Jan Dirksz Both (1610 Utrecht – Aug 9, 1652 ebenda) was a Dutch painter, draughtsman, and etcher, who made an important contribution to the development of Dutch Italianate landscape painting.
He was one of the most influential representatives of the so-called “Dutch Italianates”, who mainly traveled to Rome in the course of the 17th century, where they received the testimonies of classical antiquity Also to study the works of the great masters Tizian, Raphael or Michelangelo. The magic of the ancient ruins in the hilly, sun-drenched landscape with the lush, strange vegetation exerted a special charm on them. Above all, the warm, golden light of the southern metropolis, so contrasting with the rather gray light of the home, fascinated the young northern countries.
He refined further his expansive, imaginary landscapes drenched with a Mediterranean golden light. In Landscape with Bandits Leading Prisoners (Museum of Fine Arts, Boston) the sandy road makes a sweeping diagonal from the left. Touches of realism in the down-to-earth figures and detailed vegetation of the foreground contrast with the idyllic golden distance. Occasionally Both peoples his landscapes with religious or mythological figures as in Judgement of Paris (London, National Gallery) where the figures were painted by a fellow Utrecht artist, Cornelis van Poelenburch.
Even during Jan ‘s first study of painting between 1634 and 1637, probably by Gerrit van Honthorst or Abraham Bloemaert, his early development became a landscape painter, probably also under the influence of Carel de Hooch († 1638), whose realistic landscapes were an important alternative The more traditional representations of Cornelis van Poelenburch or Bartholomeus Breenbergh, and certainly made a lasting impression on the young, aspiring artist.
Together with his brother Andries, also a painter, but rather of peasant scenes similar to Adriaen Brouwers, Jan left the homeland and stayed in Rome from 1637/38 to 1641. He soon became a member of the so-called “Bamboccianti” (co-worker and successor from the Pieter van Laers circle, called il Bamboccio), worked closely with Claude Lorrain on two series of large-format landscape scenes (today Madrid, Prado) Van Swanevelt. From them Jan took over the arrangement of his landscapes in diagonal lines in order to achieve a greater depth of space, and arranged his compositions with the help of the glowing golden light, which became so characteristic of his entire later oeuvre, together with a naturalistic mode of representation of the details , Who clearly distinguished his paintings from those of his fellow painters.
In 1641, Jan and Andries left Rome to return to Utrecht. However, Andries died with a misfortune during an interlude in Venice. Back in Utrecht, Jan Both relies on the realistic portrayal of “Italianized” landscapes, largely based on his Roman studies and drawings. At the same time, Jan did not populate his scenes with mythological figures, as is usually customary, but with real figures such as hikers, shepherds or horsemen.
Throughout his short but significant career, Jan Both has also worked with other artists. In addition to the already mentioned Claude Lorrain, these were mainly Cornelis van Poelenburch, Jan Baptist Weenix, Pieter Saenredam and Nicholas Knüpfer. The choice of his subjects and the exemplary manner of the composition of Jan Both were admired by many contemporaries and were a main source of inspiration for the third generation of the Dutch “Italians”, among them Willem de Heusch or Frederik de Moucheron. His drawing style was often copied, especially by his student Jan Hackaert. Even those painters who could not travel (or wanted to go to the South) often influenced Jan Both’s art in a lasting way. The most famous is his influence on Aelbert Cuyp, who probably met Jan Both in person on his first great journey to Holland in 1642 in Utrecht. After this journey, Aelbert Cuyp’s mode of representation of the light clearly changed from a rather muted, gray-tending atmosphere to a scene dipped in southern golden light in stronger colors. With this unique symbiosis of a thoroughly Dutch landscape in a Mediterranean light, Cuyp created a whole new, long-time appreciated and often copied type of landscape painting. Jan Both’s ‘Italian’ landscapes were also very much admired and popular in the art scene until the middle of the 19th century. In the course of the return to the original, true-to-nature depiction of the Dutch landscape during the late 19th and the first half of the 20th century, however, they no longer attracted attention. It was only in the 1960s that Jan Both and his importance for the Dutch landscape painting were rediscovered, among other things, by a study by M. R. Waddinghams.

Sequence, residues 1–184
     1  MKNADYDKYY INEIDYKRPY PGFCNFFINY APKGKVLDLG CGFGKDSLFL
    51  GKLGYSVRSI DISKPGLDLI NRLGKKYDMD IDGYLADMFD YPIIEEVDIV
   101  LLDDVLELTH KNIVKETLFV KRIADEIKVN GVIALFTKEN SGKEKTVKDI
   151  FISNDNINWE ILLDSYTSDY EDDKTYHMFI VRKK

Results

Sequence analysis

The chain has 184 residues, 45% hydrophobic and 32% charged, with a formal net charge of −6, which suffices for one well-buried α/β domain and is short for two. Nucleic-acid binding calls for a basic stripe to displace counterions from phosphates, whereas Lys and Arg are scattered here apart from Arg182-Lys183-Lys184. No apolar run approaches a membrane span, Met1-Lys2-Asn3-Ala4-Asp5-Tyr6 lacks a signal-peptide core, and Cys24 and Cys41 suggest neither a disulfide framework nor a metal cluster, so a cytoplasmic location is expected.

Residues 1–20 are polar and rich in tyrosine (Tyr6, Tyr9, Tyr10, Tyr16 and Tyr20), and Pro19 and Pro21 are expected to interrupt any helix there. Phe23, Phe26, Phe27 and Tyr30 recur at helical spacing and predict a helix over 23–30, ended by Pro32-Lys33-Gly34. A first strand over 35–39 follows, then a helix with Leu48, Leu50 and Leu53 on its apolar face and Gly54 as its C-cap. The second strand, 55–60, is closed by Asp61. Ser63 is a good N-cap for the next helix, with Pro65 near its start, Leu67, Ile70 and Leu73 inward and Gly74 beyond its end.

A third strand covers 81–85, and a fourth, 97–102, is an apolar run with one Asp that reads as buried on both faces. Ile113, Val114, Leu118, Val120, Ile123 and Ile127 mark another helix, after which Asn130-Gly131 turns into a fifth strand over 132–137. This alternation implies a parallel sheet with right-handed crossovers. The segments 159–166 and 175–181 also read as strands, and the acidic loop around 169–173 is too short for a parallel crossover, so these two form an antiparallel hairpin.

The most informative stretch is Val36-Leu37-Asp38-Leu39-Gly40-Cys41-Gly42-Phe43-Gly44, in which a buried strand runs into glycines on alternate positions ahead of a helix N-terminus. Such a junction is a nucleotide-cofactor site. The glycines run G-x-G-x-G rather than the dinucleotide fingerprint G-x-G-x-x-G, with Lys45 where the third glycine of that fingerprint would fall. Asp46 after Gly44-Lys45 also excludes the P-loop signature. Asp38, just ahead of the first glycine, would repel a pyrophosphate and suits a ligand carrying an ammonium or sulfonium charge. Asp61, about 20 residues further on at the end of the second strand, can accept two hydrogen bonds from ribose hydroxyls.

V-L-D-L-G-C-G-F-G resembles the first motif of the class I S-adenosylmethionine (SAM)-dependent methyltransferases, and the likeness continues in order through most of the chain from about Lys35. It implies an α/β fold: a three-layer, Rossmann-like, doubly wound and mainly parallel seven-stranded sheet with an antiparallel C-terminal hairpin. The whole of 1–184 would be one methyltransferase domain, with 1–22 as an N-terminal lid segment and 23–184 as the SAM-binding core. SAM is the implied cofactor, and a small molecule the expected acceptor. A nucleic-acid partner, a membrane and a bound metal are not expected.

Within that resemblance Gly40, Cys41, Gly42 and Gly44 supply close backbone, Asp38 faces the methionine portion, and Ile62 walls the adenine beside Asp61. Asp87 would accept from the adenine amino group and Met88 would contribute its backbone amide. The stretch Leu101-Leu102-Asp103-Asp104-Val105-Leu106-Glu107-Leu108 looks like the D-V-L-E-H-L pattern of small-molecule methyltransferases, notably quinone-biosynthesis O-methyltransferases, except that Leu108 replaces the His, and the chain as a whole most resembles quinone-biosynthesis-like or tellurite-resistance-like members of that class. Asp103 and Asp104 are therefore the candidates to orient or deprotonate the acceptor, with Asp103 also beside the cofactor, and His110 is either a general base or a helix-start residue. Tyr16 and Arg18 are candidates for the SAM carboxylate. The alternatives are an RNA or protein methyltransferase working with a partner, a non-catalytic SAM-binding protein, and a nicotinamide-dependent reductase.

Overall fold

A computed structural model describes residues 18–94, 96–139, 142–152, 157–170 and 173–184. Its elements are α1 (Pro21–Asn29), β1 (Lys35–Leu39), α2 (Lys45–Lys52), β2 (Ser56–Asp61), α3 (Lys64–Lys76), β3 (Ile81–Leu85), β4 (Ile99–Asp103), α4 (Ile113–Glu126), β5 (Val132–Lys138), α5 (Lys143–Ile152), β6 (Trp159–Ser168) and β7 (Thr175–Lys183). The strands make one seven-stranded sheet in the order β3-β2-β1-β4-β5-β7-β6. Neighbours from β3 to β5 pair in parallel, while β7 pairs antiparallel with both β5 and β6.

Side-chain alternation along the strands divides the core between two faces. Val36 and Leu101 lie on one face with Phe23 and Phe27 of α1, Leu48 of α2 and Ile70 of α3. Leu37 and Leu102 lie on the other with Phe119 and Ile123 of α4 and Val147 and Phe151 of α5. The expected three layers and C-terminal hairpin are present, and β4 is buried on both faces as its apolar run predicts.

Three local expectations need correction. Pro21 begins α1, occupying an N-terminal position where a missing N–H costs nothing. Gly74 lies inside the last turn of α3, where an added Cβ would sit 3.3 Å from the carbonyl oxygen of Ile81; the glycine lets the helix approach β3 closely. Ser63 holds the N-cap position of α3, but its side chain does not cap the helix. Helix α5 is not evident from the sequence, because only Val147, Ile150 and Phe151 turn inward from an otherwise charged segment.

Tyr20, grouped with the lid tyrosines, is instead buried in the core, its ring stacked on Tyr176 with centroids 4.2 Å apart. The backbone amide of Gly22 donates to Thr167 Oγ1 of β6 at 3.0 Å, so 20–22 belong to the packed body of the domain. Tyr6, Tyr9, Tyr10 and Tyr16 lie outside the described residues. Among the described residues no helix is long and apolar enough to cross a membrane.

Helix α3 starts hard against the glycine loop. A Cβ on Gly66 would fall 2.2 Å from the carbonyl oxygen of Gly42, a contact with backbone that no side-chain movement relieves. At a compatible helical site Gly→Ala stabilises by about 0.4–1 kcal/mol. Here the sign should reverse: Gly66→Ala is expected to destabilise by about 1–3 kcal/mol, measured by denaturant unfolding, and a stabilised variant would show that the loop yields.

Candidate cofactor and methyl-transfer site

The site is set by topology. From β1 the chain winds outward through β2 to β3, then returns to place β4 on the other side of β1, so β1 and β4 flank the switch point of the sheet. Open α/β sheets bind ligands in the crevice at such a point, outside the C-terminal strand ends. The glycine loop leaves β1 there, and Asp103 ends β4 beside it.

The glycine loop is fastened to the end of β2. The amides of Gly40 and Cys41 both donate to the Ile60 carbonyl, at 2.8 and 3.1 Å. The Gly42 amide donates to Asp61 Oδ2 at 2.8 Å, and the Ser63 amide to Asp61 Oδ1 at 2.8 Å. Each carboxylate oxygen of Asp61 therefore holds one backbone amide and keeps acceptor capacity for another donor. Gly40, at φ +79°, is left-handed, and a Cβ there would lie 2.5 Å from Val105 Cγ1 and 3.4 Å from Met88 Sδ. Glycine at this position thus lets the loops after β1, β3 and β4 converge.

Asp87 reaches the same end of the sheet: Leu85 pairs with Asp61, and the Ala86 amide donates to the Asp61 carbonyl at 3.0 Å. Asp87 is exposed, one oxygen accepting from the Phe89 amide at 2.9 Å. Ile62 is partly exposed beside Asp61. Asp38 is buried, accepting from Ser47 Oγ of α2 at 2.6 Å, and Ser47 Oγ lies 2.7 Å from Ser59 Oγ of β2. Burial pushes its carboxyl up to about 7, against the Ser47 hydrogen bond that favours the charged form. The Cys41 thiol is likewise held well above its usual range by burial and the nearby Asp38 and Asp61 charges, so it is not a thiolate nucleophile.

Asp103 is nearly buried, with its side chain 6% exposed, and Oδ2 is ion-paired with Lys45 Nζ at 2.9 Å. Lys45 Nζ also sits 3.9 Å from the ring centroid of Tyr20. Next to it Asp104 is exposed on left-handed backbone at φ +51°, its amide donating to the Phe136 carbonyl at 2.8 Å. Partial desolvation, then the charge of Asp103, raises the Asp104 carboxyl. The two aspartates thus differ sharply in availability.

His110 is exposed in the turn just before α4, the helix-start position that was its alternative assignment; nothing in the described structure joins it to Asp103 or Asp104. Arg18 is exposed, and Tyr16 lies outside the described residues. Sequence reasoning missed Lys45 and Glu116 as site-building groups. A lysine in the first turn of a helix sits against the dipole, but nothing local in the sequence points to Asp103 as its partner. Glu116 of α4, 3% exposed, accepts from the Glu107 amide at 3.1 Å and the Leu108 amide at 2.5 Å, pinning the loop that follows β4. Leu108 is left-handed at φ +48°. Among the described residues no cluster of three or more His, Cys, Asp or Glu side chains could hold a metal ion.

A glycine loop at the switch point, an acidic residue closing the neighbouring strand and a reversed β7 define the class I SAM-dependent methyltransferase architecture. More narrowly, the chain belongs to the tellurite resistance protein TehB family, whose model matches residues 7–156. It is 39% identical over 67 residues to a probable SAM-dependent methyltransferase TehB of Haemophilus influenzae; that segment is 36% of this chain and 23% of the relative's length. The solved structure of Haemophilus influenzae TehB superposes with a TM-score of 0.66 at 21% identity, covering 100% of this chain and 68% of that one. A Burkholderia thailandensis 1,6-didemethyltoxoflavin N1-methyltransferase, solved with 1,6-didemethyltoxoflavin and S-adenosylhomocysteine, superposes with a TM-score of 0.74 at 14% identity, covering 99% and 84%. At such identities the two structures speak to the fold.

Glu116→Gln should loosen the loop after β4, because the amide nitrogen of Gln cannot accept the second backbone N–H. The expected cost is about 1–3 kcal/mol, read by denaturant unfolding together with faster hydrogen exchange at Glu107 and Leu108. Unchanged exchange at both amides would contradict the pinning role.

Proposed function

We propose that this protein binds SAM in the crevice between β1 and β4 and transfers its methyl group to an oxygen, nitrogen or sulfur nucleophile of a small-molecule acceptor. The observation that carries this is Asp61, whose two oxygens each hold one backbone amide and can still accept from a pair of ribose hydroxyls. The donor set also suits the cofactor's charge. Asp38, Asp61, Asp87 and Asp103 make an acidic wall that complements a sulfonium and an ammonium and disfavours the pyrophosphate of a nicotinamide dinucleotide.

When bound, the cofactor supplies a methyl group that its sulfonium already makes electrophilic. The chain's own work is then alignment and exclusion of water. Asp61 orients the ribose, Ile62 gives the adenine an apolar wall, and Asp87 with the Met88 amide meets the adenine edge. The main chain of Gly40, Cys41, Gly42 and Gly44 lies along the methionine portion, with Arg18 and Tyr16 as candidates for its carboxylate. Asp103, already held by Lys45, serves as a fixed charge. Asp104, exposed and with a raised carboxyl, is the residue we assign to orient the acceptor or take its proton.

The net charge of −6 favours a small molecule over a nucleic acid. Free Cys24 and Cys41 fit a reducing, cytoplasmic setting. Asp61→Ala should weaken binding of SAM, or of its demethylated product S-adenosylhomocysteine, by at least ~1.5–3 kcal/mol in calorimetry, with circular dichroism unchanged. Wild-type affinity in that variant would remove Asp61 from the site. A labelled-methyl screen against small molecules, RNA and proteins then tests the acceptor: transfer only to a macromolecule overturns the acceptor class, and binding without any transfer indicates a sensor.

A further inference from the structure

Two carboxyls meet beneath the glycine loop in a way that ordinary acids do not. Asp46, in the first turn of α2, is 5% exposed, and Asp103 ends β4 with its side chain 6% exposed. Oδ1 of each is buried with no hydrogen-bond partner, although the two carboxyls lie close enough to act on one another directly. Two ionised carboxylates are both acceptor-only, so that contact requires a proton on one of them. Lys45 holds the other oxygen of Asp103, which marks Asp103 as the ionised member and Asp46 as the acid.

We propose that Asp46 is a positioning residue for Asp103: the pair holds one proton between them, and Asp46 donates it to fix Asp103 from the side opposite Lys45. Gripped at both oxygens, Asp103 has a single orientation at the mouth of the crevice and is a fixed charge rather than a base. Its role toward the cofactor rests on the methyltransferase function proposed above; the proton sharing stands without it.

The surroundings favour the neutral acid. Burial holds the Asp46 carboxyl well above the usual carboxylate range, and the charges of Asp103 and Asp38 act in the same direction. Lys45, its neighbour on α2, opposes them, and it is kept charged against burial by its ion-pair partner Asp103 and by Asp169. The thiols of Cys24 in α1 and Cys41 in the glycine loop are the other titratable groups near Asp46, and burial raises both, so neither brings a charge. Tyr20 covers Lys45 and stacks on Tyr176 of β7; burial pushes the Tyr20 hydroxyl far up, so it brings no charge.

Pictures from the period of Rome:
Festivity in front of the Spanish Embassy in Rome. Circa 1637. Stockholm, art collection.
Market on the Campo Vaccino after 1637. Rijksmuseum, Amsterdam.
Morra players below the Campidoglio. After 1637. Alte Pinakothek, Munich.
Pictures after their return to the Netherlands:
Landscape with travelers. 1640/41. Mauritshuis, The Hague.
Forest landscape with river. After 1640. National Gallery, London.
Rock landscape with shepherds and mules after 1640. National Gallery, London.
Landscape with a draftsman. About 1650. Rijksmuseum Amsterdam.
Works in collaboration with other painters:
With Nicholas Knüpfer and Jan Baptist Weenix:
Landscape with Mercury and Argos. About 1650-51. Old Pinakothek, Munich.
The Seven Works of Mercy. Ca. 1651. Kassel, State Art Collections Schloss Wilhelmshöhe.
With Cornelis van Poelenburch:
Landscape with the judgment of Paris. Ca. 1651. National Gallery London.